Review by Choice Review
Kuzmack's extensively researched study attempts to compare Jewish feminism in the US and England in the period 1881 to 1933. It documents a more widespread participation in national secular feminist movements by Jewish women than had generally been supposed. It also describes the development of a specifically Jewish woman's movement, involved in "welfare feminism" and in demands for a more equal role in the life of the Jewish community. Kuzmack states that her focus is on women who "directly affected the Jewish community." It is, therefore, surprising to see her exclude the women's Zionist movement and Eastern European immigrant radicalism. Certainly both had major impacts on the Jewish community. Nevertheless, this is an interesting and provocative work. The examination of the less well known British movement, with its aristocratic leadership and lack of working-class participation, is particularly valuable. Less sophisticated readers might not understand some of the references to feminist historical studies, but, as a whole, this would be an excellent addition to libraries with Jewish and women's studies collections. L. Mayo County College of Morris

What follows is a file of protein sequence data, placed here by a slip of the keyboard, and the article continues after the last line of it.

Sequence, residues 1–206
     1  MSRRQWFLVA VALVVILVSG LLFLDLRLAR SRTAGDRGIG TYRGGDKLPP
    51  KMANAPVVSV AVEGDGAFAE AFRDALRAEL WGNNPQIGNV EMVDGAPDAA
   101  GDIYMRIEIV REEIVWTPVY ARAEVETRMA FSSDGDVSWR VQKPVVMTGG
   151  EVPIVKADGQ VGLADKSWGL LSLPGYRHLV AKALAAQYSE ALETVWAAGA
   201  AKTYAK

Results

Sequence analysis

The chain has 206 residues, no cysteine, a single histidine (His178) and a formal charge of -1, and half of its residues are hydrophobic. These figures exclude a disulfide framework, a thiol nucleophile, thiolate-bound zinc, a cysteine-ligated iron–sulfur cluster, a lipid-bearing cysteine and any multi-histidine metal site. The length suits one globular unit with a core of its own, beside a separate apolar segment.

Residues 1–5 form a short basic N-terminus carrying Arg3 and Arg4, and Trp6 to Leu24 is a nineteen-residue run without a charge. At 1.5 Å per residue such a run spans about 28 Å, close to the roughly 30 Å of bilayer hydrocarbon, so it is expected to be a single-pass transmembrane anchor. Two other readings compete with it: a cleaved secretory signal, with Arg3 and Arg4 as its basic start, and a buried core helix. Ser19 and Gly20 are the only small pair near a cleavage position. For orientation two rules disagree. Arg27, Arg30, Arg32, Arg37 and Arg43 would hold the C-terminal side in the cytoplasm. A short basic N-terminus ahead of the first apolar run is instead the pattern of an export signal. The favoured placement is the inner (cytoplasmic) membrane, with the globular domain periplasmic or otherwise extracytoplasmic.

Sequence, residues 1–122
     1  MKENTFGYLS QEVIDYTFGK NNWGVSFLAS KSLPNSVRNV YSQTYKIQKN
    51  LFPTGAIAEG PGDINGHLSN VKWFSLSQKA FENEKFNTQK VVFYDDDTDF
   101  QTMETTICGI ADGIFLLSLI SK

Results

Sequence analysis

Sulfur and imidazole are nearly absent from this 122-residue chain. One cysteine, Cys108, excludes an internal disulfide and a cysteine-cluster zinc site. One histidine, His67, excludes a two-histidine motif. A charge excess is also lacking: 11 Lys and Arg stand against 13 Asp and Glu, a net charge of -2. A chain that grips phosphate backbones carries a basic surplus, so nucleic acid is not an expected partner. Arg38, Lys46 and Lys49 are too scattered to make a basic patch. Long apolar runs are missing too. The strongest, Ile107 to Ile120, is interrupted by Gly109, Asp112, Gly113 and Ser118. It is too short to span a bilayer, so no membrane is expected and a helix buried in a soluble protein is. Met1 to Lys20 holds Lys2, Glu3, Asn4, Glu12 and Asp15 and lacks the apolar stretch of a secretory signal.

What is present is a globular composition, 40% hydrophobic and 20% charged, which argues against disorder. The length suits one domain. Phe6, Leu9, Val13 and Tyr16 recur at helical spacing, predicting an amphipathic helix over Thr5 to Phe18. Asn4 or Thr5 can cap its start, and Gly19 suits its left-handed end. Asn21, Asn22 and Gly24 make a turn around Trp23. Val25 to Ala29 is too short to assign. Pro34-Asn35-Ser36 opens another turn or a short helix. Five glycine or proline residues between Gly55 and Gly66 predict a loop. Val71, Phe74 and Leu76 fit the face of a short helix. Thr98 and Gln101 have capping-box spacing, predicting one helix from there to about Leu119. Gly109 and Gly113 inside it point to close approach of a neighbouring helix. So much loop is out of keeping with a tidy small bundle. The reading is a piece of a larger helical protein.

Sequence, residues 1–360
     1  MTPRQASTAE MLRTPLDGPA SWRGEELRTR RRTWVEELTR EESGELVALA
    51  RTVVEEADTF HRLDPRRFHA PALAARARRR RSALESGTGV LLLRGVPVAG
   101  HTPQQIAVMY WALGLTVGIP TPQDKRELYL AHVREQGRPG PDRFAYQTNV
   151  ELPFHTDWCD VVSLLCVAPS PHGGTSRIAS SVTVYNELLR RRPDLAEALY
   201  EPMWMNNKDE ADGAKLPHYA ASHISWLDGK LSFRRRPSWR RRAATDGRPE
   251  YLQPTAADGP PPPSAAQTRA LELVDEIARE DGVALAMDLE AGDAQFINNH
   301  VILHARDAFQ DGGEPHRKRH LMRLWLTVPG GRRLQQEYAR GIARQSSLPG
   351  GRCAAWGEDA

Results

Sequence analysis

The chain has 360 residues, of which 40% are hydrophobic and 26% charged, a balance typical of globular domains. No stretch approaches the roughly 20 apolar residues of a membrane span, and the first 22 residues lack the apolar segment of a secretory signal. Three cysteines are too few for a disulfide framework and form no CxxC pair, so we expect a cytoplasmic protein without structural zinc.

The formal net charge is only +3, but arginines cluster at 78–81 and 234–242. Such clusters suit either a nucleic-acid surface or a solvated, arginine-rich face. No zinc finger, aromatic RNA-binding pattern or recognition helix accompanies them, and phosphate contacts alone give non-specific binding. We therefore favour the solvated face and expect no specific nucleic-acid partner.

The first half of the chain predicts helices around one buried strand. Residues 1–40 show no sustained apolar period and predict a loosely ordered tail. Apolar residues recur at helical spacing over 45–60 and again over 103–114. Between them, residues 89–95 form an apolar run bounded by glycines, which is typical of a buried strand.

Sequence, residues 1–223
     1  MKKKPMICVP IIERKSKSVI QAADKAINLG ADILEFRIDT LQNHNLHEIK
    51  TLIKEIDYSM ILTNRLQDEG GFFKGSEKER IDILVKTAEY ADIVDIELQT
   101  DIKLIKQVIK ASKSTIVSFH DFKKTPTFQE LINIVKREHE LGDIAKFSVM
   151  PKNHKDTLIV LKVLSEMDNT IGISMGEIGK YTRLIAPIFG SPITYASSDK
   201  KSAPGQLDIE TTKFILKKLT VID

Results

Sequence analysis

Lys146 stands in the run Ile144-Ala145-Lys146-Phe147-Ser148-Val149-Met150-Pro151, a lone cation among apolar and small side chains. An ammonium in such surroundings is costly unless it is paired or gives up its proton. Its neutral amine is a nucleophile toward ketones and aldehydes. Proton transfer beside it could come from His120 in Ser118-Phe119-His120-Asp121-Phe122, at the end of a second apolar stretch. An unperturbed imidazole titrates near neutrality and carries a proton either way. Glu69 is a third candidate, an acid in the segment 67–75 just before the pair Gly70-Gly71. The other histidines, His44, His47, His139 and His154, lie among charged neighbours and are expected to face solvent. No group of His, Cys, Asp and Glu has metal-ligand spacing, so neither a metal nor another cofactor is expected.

Copyright American Library Association, used with permission.
Review by Publisher's Weekly Review
In this exhaustively documented study, Kuzmack traces the evolution of two similar but subtly different movements. Jewish women on both sides of the Atlantic fought for more say in the synagogue, equal pay on the job and political suffrage, but in England, class bias and pervasive anti-Semitism ensured that only ladies of exalted rank became heads of Jewish women's organizations. By contrast, American Jewish feminists were a rowdy bunch. These Eastern European immigrants left their tenements and sweatshops to become trade unionists, socialists and scholars. Only on one notable occasion did Anglo-Jewish women outdo their American counterparts: they defied the Jewish community's horror of sexual scandal to battle the Jewish white slave trade, a chapter in immigrant history all too rarely written. Kuzmack, a historian at the U.S. Holocaust Memorial Museum, scoured libraries, newspaper morgues, diaries and personal correspondence for her source material, but her approach is so academic, the reader can hardly see past it to the real and remarkable lives these pioneering feminists led. (Sept.) (c) Copyright PWxyz, LLC. All rights reserved
(c) Copyright PWxyz, LLC. All rights reserved